Edgar Degas

Edgar Degas
19.07.1834 (Paris, France) - 26.09.1917 (Paris, France)

Nationality: French


Degas was born on July 19, 1834 in Paris. From 1855 to 1856, Degas studied at the École des Beaux-Arts in Paris. Further, between 1854 and 1859 he travelled regularly to Italy where he discovered the Italian fifteenth-century Renaissance.

Throughout the nineteenth century, he was influenced by academic painter J. A. D. Ingres, by following the poussiniste belief in line as the basis of form in painting (rather than color as was believed by the rubenistes).

Degas’ first paintings were portraits and historical scenes – regarded highly by the art world at the time - marked by rigid composition. But as he absorbed the world around him, his surroundings and the everday life of people, Degas’s later work in the 1860s allied him with the Impressionists that would reign in the following decade.

Fascinated by the diversity and activity of city life, he painted the ever-changing aspects of Paris by day (its streets, theatres, cafés, and race tracks), thereby re-creating the atmosphere of a capitalist city from the eyes of a flaneur. Degas depicted peoples' characteristic behaviour and appearance, born of the particular conditions of their work and of everyday occurrences. Focusing on the “occupational” gesture, he poses subjects with a business that combines movement and beauty.

A nineteenth-century humanist, Degas focused great attention on his subjects (often members of the lower classes) and asserted the visual meaningfulness of their ordinary lives. Particularly memorable are his many ballet scenes, which conveyed the festive, magnetic atmosphere of the theatre. The artist, as an objective and subtle observer, revealed beauty while simultaneously capturing the exhausting, monotonous labour hidden behind the elegant spectacle.

A displaced composition (asymmetric and conveying the fragmentary quality of a motion-picture frame), precise and supple lines, unconventional foreshortenings, and active interplay of figure and space give Degas’ works a combination of spontaneity and precise calculation.

His works from the 1870s show a subtle restraint of colour that augmented the effects created by strong artificial light. The works of the 1880s and 1890s depicting ballet dancers and nudes at their toilette, executed primarily in pastel, take on a tense quality, which can be read as an expression of the artist's voyeurism.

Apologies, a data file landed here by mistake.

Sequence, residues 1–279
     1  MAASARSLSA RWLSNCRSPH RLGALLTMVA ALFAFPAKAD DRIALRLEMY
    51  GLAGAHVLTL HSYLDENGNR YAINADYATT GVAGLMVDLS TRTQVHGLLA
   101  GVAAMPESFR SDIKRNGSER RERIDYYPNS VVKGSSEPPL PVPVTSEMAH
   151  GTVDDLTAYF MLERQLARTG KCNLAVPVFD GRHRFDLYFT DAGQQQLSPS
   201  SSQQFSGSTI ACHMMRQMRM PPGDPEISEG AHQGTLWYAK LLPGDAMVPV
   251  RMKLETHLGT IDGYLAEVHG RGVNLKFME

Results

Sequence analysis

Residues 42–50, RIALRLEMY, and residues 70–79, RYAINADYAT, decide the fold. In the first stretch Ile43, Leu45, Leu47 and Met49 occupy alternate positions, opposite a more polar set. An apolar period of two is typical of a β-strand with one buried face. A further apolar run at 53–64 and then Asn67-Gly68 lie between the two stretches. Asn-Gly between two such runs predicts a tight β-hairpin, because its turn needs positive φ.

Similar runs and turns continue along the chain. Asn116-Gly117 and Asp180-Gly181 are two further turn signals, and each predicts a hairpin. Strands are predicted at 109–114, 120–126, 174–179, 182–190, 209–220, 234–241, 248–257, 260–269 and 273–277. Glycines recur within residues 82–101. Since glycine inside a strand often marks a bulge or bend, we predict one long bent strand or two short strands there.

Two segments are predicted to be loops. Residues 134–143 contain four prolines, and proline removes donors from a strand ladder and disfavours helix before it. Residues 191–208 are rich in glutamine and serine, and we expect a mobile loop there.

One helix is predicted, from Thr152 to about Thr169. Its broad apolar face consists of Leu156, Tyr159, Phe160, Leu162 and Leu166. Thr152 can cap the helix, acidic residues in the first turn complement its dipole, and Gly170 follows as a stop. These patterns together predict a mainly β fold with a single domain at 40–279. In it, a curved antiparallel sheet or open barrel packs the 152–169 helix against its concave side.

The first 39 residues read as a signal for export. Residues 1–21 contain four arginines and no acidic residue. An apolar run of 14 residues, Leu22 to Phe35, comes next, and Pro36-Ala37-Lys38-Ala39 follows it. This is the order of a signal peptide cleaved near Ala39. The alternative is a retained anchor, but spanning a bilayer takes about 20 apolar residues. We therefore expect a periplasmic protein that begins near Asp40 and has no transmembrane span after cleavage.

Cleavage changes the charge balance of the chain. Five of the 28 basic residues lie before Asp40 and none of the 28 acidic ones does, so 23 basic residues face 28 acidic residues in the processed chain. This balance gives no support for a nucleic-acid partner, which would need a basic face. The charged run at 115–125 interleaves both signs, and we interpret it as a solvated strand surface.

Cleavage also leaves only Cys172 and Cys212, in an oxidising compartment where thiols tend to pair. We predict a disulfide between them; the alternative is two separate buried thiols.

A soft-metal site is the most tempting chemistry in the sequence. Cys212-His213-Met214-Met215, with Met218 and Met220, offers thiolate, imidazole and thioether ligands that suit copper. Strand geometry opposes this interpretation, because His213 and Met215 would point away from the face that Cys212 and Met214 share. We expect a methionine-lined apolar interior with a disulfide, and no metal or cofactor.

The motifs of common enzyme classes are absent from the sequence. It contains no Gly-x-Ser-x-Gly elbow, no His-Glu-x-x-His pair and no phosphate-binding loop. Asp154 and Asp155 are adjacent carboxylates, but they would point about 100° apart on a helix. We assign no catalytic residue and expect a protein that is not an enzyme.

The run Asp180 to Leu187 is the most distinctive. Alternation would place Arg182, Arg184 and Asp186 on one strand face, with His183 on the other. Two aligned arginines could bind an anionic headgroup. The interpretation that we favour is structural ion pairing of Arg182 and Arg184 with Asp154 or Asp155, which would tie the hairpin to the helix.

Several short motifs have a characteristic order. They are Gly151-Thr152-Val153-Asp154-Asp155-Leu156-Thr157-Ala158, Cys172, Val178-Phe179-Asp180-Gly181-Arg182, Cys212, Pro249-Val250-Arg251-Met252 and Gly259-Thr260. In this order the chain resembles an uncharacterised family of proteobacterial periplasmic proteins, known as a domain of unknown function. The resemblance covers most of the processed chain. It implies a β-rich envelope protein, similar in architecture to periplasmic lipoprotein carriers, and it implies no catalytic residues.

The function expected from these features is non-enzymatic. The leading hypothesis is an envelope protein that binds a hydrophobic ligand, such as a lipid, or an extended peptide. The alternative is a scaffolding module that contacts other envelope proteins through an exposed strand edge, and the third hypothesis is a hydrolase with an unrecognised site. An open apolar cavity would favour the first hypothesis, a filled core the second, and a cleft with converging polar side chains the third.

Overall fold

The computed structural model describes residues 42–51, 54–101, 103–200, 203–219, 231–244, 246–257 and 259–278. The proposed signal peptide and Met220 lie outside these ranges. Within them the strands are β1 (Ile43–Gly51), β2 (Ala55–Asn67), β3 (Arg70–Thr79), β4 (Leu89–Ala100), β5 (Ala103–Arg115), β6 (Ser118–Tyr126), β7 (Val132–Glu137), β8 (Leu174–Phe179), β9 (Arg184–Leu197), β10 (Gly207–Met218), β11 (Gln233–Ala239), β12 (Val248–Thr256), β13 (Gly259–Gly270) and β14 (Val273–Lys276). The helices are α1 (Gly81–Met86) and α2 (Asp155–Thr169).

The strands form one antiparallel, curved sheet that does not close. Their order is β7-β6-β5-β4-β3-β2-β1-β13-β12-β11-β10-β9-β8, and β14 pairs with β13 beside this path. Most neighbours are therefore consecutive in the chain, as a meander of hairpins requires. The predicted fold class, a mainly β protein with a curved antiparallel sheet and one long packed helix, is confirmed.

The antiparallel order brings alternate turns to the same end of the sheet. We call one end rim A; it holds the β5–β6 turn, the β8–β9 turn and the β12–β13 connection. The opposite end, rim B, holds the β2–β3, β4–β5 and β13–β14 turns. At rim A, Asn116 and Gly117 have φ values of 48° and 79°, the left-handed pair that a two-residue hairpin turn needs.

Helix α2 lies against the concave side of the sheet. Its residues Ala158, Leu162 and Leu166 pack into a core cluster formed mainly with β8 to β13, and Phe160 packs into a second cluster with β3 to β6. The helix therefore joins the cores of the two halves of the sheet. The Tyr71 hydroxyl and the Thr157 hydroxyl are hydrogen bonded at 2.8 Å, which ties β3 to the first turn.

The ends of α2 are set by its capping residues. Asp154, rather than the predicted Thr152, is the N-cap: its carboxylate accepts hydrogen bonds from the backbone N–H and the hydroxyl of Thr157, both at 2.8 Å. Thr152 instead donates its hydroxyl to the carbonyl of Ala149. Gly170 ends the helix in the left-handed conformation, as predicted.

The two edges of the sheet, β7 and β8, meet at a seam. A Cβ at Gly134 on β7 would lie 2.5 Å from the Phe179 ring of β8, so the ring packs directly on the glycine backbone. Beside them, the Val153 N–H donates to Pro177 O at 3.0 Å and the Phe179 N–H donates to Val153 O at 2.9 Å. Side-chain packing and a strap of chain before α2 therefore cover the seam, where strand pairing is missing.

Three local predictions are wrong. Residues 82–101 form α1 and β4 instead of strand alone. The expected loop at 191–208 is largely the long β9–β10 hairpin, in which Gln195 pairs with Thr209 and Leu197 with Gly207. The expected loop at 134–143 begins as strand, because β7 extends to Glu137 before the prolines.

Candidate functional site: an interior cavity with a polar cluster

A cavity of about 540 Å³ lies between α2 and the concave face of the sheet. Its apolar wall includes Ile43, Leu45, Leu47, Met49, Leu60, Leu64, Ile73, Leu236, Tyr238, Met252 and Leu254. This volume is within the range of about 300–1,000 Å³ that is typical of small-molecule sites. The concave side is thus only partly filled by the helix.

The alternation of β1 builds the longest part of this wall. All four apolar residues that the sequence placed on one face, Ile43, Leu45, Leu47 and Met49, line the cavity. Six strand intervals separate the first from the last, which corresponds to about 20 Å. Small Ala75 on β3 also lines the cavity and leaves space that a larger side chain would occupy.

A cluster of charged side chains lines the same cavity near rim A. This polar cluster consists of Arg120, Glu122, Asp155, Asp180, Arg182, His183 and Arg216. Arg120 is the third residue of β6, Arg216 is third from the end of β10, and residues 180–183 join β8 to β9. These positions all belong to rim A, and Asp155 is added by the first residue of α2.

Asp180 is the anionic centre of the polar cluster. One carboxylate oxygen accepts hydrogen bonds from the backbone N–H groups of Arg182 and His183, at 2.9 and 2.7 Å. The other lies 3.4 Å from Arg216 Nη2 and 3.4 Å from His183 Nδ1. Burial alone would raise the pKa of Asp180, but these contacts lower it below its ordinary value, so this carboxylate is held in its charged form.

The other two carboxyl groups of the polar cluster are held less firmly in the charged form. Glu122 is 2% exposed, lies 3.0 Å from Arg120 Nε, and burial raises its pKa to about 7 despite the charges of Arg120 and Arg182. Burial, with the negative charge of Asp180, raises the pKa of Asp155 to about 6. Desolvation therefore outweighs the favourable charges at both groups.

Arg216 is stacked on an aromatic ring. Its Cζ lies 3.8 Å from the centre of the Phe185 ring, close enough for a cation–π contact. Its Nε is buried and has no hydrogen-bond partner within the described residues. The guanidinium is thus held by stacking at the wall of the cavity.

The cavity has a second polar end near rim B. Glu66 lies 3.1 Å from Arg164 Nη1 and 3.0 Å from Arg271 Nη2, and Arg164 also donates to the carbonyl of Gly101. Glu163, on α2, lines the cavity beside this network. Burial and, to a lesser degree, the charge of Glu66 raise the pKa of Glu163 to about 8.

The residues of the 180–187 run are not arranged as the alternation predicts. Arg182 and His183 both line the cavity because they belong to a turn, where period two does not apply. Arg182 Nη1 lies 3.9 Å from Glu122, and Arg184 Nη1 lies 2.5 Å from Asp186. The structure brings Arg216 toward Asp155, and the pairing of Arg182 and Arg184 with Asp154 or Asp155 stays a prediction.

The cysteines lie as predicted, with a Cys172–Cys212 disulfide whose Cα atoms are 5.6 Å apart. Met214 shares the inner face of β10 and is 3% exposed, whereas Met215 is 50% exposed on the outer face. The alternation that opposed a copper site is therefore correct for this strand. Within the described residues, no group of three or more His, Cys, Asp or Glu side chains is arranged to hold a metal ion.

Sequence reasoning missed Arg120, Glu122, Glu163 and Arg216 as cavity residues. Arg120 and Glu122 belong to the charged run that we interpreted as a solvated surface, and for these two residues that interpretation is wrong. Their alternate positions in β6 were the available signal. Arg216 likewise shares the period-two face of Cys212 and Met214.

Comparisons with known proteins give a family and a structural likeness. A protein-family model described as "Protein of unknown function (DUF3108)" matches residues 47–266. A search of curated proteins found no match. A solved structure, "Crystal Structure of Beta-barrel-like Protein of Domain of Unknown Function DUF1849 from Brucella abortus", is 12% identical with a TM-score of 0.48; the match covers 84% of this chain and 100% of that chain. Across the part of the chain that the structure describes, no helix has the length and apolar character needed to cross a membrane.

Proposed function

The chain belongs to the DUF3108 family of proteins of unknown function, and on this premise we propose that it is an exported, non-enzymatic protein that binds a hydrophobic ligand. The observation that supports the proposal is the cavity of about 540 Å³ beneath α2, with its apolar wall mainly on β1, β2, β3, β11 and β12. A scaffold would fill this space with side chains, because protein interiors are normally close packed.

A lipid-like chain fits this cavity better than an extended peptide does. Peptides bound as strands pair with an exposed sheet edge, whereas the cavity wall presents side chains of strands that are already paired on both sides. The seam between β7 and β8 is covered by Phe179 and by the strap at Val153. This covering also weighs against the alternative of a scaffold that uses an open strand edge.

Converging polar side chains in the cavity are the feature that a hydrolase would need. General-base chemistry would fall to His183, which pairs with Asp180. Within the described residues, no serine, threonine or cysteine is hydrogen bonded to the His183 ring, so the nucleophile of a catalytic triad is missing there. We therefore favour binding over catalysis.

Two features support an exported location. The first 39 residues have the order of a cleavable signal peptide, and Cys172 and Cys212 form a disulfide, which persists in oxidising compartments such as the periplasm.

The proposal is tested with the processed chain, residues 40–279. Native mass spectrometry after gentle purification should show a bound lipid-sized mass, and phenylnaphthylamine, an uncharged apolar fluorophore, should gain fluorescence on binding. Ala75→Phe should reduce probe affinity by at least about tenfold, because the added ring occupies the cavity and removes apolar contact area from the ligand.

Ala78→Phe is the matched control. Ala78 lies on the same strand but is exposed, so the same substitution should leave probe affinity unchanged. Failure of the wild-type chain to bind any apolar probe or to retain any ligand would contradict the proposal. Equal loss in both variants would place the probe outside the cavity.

From the late 1880s to the beginning of the 20th century Degas cast a great deal of work in sculpture. In his figures of dancers, bathers, and horses Degas strove to achieve an organic expressiveness in conveying fleeting motion and the sharpness and unexpectedness of a pose, while preserving the figure’s plastic wholeness and clear-cut quality.

Currently Leslie Smith Gallery has no works in the collection by this artist.


M. Kálmán Meller, 'Degas's "Place de la Concorde: Vicomte Lepic and his daughters"', Burlington Magazine 145 (2003), p. 273-281; J. De Vonyar and R. Kendall, 'The Class of 1881: Degas, Drawing, and the ''Little Dancer Aged Fourteen''', Master Drawings 41 (2003), p. 151-162; L. Marques, 'Degas sculpteur et la Florence du Quattrocento', in: Paragone, Anno LV, no. 58 (657), Nov. 2004, p. 71-86; J. Meyers, 'Degas and Manet. A Study in Friendship', in: Apollo, Vol. CLXI, no. 516, Feb. 2005, p. 56-63; R. Thomson, 'Degas et Henner: comparaisons et contrastes', in La Revue du Musée d'Orsay, nr. 24 (2007), p. 6-19; J. Reynaerts, S. Versluis-Van Dongen, 'A portrait of the artist as a young man. Edgar Degas inspired by Rembrandt', The Rijksmuseum Bulletin 59 (2011), p. 102-132; J. Reynaerts, 'Toeval of opzet? Rembrandt en Degas', Kunstschrift 55 (2011), nr. 4, p. 34-37; T. Raissieur, 'Degas and Hiroshige', Print Quarterly 28 (2011), Sep. no. 4, p. 429-431.


Combattimento per un'Immagine. Fotografi e Pittori, Torini 1973;
Degas and the Ballet; Picturing Movemement, Royal Academy of Arts, London, 2007;
Degas’s Dancers at the Barre: Point and Counterpoint, London, Phillips Collection, Oct. 2011– Jan. 2012 


The work of Edgar Degas is represented in the collections of diverse international museums, including the Louvre in Paris, Hermitage in St. Petersburg, National Gallery in London, National Gallery of Canada, Ottawa, Guggenheim and Metropolitan Museum of Art in New York.

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